Robin Gibb co-wrote a single titled ‘To Love Somebody’ and Barry took on the lead vocals. It was always a partnership even if there were tensions. Robin quit the group in 1969, a decision that was partly linked his objections to the lead that his brother was taking at the helm of the band. As expected; family life and sibling rivalry penetrated their professional lives.
Thankfully the separation was brief. The band regrouped in 1970. It was a very fruitful project and they scored their first US Number 1 with ‘Lonely Days’. The following year they continued with their success with ‘How Can You Mend a Broken Heart’. Al Green did a lot of justice to this hit when he covered it. The soul legend was inspired by the artistic integrity of the piece (that is still valuable today).
Hitting the big party scene with a unique voice
Robert Stigwood managed the band and was largely credited with bringing them to the ‘Saturday Night Fever’ era. He was writing the movie and the band obliged by writing the songs in less than 10 days. At that time the Disco movement was already established but it needed the unique genius of the Bee Gees and other artists to bring it to the popularity it eventually enjoyed.
When the disco boom faded, their sales took a hit. This inspired the members to start solo careers. Robin Gibb was good at it and scored a number of hits. However a force of nature seemed to be pulling the brothers together. By 1987 they had staged a major comeback as a group. Their story reads like an epic story of the music industry. Only one is left to carry on the legend.
Who was Robin Gibb?
Those who knew him intimately say that he was a very sensitive man who was also a teetotal vegetarian. The stereotypes of a music legend are at odds with this character. Most people expect that famous stars are going to be histrionic, unreasonable, high and totally messed up. That is not to say that Robin Gibb was a prude. His love life is as colorful as anything that has ever been printed.
The tributes concentrated on the vocal delivery. DJ Mike Read said that "Robin had the voice, the pathos, and he was a great writer."  It is true that “he had a gift for melody and a gift for lyrics and left a phenomenal legacy, a phenomenal catalogue." The singer was a friend to politicians of gravitas including John Prescott (of the Labour Party in the UK) who paid a typically direct tribute: “A good friend, a brilliant musician and a man who turned all of us into wannabe Travoltas!”
The death of his brother was a hard blow for the sensitive singer. When he could bring himself to publicly comment on the tragedy, the singer said: "He was part of the fabric of my life. We were kids together, and teenagers. We spent the whole of our lives with each other because of our music. I can't accept that he's dead. I just imagine he's alive somewhere else."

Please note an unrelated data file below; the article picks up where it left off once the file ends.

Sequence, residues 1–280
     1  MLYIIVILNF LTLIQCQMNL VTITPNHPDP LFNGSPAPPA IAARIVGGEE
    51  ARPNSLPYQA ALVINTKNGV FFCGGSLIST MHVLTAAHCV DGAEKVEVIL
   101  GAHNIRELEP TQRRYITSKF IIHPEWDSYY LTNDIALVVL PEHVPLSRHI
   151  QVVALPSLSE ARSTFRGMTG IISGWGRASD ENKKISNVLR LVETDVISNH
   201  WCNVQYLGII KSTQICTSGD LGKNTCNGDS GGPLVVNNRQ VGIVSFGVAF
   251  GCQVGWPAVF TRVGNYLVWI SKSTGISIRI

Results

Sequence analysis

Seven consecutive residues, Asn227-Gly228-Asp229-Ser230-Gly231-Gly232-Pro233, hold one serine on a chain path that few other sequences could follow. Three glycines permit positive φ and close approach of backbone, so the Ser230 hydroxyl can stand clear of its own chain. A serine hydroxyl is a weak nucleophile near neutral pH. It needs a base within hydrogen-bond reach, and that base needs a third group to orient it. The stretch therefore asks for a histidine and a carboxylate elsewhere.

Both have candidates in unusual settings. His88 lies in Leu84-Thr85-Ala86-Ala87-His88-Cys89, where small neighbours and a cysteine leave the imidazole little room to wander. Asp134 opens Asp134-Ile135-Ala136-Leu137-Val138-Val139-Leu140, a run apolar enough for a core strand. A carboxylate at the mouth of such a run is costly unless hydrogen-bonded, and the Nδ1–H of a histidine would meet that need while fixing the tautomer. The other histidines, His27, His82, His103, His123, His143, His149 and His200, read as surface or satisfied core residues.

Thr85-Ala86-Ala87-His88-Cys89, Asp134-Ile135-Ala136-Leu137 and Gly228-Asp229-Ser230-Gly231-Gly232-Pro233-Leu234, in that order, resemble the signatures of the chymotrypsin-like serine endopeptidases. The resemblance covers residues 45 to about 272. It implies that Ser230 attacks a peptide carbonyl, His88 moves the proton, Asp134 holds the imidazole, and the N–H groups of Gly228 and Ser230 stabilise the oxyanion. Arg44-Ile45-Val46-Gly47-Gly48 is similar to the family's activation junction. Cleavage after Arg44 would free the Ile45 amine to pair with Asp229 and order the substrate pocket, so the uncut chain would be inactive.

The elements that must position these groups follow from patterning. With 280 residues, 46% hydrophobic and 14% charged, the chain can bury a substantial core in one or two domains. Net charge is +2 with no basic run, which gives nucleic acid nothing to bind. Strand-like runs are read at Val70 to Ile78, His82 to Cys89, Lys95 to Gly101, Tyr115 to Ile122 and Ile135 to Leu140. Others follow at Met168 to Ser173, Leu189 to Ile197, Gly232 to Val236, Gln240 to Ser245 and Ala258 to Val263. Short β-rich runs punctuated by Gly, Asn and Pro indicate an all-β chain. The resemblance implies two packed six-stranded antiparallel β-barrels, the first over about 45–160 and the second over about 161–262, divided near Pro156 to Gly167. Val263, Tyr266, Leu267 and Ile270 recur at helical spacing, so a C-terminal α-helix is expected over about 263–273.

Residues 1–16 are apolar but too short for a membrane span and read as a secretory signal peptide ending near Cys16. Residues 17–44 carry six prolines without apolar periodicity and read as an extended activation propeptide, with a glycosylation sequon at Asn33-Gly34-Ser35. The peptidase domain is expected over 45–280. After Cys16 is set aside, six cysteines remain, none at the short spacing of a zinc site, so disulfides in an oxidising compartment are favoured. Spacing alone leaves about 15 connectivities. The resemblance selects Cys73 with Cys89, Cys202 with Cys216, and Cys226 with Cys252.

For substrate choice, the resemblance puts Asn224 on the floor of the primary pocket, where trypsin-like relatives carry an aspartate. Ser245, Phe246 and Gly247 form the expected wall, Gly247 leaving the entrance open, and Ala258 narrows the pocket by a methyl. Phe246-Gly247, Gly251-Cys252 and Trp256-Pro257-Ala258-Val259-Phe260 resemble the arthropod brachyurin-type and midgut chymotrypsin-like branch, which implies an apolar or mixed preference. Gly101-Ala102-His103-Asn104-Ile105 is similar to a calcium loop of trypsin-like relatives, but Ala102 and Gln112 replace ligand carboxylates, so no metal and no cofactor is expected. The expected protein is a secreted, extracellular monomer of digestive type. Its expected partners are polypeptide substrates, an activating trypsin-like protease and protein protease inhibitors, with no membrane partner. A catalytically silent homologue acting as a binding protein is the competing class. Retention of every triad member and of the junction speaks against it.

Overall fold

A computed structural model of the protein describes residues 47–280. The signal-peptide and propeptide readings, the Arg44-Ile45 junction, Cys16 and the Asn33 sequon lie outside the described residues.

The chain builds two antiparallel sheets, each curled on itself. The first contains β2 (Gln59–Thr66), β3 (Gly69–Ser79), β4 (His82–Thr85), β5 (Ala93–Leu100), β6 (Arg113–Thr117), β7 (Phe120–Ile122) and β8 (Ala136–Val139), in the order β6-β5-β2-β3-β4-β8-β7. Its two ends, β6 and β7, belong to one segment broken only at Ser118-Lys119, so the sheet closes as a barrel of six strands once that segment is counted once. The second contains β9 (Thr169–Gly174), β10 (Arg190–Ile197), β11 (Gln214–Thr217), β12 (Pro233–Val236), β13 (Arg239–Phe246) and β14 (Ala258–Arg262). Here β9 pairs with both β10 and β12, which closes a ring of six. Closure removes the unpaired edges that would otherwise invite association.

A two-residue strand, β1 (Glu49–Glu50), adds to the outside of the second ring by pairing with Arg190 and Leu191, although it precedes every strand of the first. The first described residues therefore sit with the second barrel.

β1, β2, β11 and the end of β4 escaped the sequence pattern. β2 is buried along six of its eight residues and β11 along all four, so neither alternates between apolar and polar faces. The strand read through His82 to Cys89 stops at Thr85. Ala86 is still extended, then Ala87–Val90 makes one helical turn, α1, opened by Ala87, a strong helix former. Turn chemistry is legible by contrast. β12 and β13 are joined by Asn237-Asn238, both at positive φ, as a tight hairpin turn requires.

All good things come to an end
It was ironic that Robin was later to contract the bowel condition that had killed his brother. This was then followed by a period of ill health. Nevertheless Robin Gibb continued recording. By 2011 he had finished recording his 1st solo album in nearly 7 years. He called it ’50 St Catherine’s Drive’ but there were hints that he had left himself with room to change the name if appropriate.
18 months ago the singer underwent surgery to deal with complications in his bowel. It was at that time that a tumor was discovered. Consequently he was diagnosed with cancer of the colon which eventually spread to the liver. The realists knew that it was only a matter of time. Last month he fell into a coma after going down with a bout of pneumonia.
His family courageously supported him through the ordeal. At one point it appeared that he had beaten the odds to come back from the coma after the professionals allegedly said that he was “In God’s Hands”. His death was announced on the 20th of May. Robin Gibb’s last performance was in February 2012 at the London Palladium. He was supporting injured service personnel at the ‘Come Home Charity Concert’.
In April he had been scheduled to appear in the premiere of his classical piece ‘The Titanic Requiem’. Ill health prevented him from making a personal appearance but the event went ahead. His family kept the press informed about his courage in the face of adversity. The entire entertainment industry has lost a unique voice, talent and man.
- B. Quinn,” Robin Gibb, pioneer of disco, dies at 62”, 21st May 2012, Guardian, http://www.guardian.co.uk/music/2012/may/21/robin-gibb-pioneer-disco-dies?newsfeed=true